Find out what capecitabine is, how you have it and other important information about having capecitabine.
Capecitabine is a chemotherapy drug and is also known by its brand name Xeloda.
It is a treatment for many different types of cancer.
How it works
Capecitabine is a type of chemotherapy called an anti metabolite. The body changes capecitabine into a common chemotherapy drug called fluorouracil. It stops cells making and repairing DNA. Cancer cells need to make and repair DNA so they can grow and multiply.
How you have it
Capecitabine is a tablet you take twice a day, morning and evening. You might have two different strengths of tablets to make up the correct dose.
Take the tablets up to 30 minutes after a meal, with plenty of water.
Tell your doctor or pharmacist if you have difficulty swallowing.
Taking your tablets
You must take tablets according to the instructions your doctor or pharmacist gives you.
Whether you have a full or empty stomach can affect how much of a drug gets into your bloodstream.
You should take the right dose, not more or less.
Never stop taking a cancer drug without talking to your specialist first.
When you have treatment
You might have capecitabine as a course of several cycles of treatment. Each cycle is usually over 3 weeks.
For example, you may take capecitabine every day for 2 weeks. Then have a week with no treatment. Then you start the cycle again.
Or you may take capecitabine every day for a few months.
Your doctor will tell you:
- what dose of capecitabine you need to take
- when to take it
- how long to take it for
Tests during treatment
You have blood tests before starting treatment and during your treatment. They check your levels of blood cells and other substances in the blood. They also check how well your liver and kidneys are working.
Cancer drugs can interact with some other medicines and herbal products. Tell your doctor or pharmacist about any medicines you are taking. This includes vitamins, herbal supplements and over the counter remedies.
Pregnancy and contraception
This treatment might harm a baby developing in the womb. It is important not to become pregnant or father a child while you are having treatment and for a few months afterwards. Talk to your doctor or nurse about effective contraception before starting treatment.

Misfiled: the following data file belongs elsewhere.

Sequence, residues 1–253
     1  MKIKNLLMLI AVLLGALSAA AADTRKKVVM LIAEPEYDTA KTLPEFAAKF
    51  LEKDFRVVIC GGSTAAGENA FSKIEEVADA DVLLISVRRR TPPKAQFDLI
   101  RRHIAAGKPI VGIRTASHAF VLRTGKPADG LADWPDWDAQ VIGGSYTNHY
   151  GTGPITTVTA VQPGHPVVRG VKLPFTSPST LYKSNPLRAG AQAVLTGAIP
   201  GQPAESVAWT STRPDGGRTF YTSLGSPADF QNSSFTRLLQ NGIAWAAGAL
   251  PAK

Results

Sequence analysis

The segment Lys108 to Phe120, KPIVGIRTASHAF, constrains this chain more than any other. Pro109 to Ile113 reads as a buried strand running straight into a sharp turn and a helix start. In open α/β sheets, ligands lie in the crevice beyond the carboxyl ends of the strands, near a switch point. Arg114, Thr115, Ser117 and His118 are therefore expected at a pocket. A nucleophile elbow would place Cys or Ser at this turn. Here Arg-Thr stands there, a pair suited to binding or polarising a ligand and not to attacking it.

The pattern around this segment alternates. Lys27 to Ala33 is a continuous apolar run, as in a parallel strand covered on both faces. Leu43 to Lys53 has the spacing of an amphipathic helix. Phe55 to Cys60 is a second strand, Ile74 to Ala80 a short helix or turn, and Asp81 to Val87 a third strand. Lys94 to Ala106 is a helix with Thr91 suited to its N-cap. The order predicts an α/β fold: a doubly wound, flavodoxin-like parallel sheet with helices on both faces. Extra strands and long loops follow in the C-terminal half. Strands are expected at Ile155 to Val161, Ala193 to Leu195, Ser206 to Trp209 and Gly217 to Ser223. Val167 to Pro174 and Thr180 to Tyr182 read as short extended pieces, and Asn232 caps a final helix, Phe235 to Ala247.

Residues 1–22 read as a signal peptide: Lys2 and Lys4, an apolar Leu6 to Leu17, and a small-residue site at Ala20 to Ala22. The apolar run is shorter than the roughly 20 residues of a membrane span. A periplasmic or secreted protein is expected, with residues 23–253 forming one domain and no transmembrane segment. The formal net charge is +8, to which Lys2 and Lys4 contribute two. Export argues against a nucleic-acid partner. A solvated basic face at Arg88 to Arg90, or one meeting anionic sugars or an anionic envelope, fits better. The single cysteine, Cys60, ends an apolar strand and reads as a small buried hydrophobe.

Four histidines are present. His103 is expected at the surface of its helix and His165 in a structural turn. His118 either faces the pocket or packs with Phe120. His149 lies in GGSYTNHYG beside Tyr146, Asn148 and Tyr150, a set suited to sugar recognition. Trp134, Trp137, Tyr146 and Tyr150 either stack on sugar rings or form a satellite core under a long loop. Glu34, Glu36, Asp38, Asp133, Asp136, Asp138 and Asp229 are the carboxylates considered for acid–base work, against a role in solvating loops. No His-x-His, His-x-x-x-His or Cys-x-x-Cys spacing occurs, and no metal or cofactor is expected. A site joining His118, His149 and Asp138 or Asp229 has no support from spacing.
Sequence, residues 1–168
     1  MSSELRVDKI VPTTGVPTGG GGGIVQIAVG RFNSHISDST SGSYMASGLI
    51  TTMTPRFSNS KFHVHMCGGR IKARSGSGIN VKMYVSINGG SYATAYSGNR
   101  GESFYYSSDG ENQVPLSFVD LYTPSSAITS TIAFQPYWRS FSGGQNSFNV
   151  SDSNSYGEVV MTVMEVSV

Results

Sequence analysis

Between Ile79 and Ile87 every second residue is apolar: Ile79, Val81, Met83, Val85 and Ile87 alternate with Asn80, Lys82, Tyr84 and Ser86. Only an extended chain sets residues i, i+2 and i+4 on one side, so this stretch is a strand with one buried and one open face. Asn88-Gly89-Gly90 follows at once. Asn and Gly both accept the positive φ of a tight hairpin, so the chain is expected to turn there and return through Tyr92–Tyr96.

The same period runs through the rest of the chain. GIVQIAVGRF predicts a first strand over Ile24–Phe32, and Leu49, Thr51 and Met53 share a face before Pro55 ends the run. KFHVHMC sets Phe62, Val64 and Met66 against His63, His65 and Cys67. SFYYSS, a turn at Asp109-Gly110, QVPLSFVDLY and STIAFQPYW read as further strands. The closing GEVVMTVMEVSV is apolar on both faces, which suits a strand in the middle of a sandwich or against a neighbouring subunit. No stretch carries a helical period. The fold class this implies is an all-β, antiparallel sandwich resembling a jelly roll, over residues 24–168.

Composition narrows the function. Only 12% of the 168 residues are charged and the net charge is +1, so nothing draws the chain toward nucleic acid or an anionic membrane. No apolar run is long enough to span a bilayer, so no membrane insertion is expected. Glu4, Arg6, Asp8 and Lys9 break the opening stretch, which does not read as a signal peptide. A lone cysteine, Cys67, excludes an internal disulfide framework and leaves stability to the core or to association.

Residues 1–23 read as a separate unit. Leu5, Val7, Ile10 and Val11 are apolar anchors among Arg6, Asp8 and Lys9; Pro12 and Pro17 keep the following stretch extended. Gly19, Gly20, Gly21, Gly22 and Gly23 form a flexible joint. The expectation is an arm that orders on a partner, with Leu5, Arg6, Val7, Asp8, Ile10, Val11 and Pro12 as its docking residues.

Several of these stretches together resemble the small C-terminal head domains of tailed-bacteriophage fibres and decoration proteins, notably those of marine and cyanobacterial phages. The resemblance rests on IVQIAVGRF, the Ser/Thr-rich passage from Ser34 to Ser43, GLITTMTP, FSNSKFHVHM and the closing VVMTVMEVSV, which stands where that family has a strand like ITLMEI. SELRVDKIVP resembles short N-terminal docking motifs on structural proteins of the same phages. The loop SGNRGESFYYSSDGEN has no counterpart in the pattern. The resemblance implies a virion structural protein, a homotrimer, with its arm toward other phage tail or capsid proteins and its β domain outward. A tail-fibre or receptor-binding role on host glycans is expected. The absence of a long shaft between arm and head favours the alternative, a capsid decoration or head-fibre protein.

Don’t breastfeed during this treatment because the drug may come through in your breast milk.
Treatment for other conditions
Always tell other doctors, nurses, pharmacists or dentists that you’re having this treatment if you need treatment for anything else, including teeth problems.
This drug contains lactose (milk sugar). If you have an intolerance to lactose, contact your doctor before taking this medicine.
Around 5 out of 100 people (5%) have low levels of an enzyme called DPD in their bodies. A lack of DPD can mean you’re more likely to have severe side effects from capecitabine or fluorouracil. It might take you a bit longer to recover from the chemotherapy.
Low DPD levels don’t cause symptoms so you won’t know if you have a deficiency. Some people have severe side effects from capecitabine or fluorouracil even if they don't have low DPD levels. Contact your doctor or nurse if your side effects are severe.
Don’t have immunisations with live vaccines while you’re having treatment and for at least 6 months afterwards.
In the UK, live vaccines include rubella, mumps, measles, BCG, yellow fever and shingles vaccine (Zostavax).
- have other vaccines, but they might not give you as much protection as usual
- have the flu vaccine
- be in contact with other people who've had live vaccines as injections
Avoid contact with people who’ve had live vaccines taken by mouth (oral vaccines). This includes the rotavirus vaccine given to babies. The virus is in the baby’s urine for up to 2 weeks and can make you ill. So, avoid changing their nappies for 2 weeks after their vaccination if possible. Or wear disposable gloves and wash your hands well afterwards.
You also need to avoid anyone who has had oral polio or typhoid vaccination recently.
More information about this treatment
We haven't listed all the very rare side effects of this treatment. For further information see the electronic Medicines Compendium (eMC) website.
You can report any side effect you have that isn’t listed here to the Medicines Health and Regulatory Authority (MHRA) as part of their Yellow Card Scheme.
iWantGreatCare lets patients leave feedback on their experience of taking a particular drug. The feedback is from individual patients. It is not information, or specialist medical advice, from Cancer Research UK.